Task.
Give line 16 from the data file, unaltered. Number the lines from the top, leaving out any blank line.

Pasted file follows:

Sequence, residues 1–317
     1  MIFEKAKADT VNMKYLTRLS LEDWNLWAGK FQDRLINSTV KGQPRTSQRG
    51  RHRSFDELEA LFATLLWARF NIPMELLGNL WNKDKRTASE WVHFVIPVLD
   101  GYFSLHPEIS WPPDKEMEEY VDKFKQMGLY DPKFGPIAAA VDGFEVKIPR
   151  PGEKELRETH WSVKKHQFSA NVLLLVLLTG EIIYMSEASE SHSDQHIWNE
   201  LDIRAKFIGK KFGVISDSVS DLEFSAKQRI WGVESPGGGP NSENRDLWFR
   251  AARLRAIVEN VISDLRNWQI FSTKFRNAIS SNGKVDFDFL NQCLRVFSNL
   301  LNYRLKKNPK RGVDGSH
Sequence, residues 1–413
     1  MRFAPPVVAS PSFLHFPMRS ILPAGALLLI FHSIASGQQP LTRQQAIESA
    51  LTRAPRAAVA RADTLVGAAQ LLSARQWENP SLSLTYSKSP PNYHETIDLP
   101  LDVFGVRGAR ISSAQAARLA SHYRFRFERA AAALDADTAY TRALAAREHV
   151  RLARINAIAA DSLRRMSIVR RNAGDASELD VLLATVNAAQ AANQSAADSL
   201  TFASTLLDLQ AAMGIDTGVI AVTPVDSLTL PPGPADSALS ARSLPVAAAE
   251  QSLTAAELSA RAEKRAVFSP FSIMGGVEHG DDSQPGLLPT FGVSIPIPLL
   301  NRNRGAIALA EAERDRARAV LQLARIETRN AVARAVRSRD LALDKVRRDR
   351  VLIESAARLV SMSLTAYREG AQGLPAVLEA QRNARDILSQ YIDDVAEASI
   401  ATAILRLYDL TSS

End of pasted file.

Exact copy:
   301  NRNRGAIALA EAERDRARAV LQLARIETRN AVARAVRSRD LALDKVRRDR